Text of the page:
Other Uses

Jessie T. Ponce Photography

A basket full of durian

Other parts of the durian fruit are likewise useful. The durian seeds can be eaten whether they are boiled, roasted or fried in coconut oil, with a texture that is similar to taro or yam, but stickier.  In Java, the seeds are sliced thin and cooked with sugar as a confection. Young leaves and shoots of the durian are occasionally cooked as greens. Sometimes the ash of the burned rind is added to special cakes.  The petals of durian flowers are eaten in the North Sumatra province of Indonesia, while in the Moluccas islands the husk of the durian fruit is used as fuel to smoke fish. The nectar and pollen of the durian flower that honeybees collect is an important honey source, but the characteristics of the honey are unknown.




Durian Producers and Name-Bearers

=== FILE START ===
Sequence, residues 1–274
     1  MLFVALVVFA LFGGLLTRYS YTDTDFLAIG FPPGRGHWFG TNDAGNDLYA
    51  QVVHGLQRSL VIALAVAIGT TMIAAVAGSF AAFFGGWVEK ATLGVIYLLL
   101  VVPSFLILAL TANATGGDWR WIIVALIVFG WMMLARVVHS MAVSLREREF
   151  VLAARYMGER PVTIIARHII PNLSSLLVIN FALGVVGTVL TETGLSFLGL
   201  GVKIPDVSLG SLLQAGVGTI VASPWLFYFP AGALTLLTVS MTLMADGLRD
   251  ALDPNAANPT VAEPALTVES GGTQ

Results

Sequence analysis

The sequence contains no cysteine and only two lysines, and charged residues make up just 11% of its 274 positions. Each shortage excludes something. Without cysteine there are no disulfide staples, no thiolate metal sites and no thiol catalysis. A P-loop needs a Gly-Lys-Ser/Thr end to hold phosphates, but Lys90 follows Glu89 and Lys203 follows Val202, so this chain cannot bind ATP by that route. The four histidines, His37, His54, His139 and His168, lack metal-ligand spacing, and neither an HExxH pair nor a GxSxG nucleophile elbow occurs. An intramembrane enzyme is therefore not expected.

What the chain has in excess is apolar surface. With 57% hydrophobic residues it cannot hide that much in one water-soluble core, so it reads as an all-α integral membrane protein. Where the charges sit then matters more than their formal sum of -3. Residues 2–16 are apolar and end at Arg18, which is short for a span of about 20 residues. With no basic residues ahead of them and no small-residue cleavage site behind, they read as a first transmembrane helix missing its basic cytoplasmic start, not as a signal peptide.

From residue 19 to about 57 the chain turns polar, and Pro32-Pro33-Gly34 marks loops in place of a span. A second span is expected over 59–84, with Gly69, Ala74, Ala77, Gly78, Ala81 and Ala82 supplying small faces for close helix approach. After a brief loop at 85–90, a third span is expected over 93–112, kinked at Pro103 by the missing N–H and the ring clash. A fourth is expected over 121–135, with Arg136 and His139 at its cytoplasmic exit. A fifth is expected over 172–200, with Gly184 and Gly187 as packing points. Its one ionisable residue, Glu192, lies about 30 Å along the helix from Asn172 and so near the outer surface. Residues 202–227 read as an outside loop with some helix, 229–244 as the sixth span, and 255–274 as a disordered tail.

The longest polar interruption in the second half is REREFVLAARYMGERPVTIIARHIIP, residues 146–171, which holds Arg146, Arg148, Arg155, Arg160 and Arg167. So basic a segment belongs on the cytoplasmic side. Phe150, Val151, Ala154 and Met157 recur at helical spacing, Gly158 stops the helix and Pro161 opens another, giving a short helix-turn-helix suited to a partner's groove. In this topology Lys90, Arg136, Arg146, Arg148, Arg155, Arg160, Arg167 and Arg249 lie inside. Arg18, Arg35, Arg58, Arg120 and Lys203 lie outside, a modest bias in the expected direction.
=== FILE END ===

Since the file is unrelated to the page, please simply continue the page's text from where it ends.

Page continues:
Jessie T. Ponce Photography

Durian City: a durian sculpture welcomes visitors at the Davao City International Airport

The durian is native to BruneiIndonesia and Malaysia but there is still some debate as to whether the durian is native or was introduced to the Philippines, particularly in Davao region in the island of Mindanao.  Interestingly, although the durian is not native to Thailand, the country is currently a major exporter of durian, followed only by Malaysia and Indonesia.   In these countries, annual festivals are being held with the durian as the main feature.  The World Durian Festival is held in Chantaburi in Thailand in early May each year; Penang’s Durian and Fruits Festival is held in June; Davao City’s Kadayawan Festival which strongly features the durian is celebrated in August; while the  Durian Festival in Tagum City (also in Davao Region) is held in September.  Other places where durian farms are located include CambodiaLaosVietnamMyanmarIndiaSri Lanka, the West IndiesFloridaHawaiiPapua New Guinea, the Polynesian IslandsMadagascar, southern China (Hainan Island), northern Australia, and Singapore.  “The Big Durian” is the nickname of Jakarta, Indonesia; Davao City in the Philippines is often referred to as “Durian City; and  the oddly shaped Esplanade building in Singapore is often called “The Durian” by locals.   


Tropical Fruits Facts and Legends: Coconut – The Tree of Life

A Tropical Landmark

Jessie T. Ponce Photography

A mature coconut tree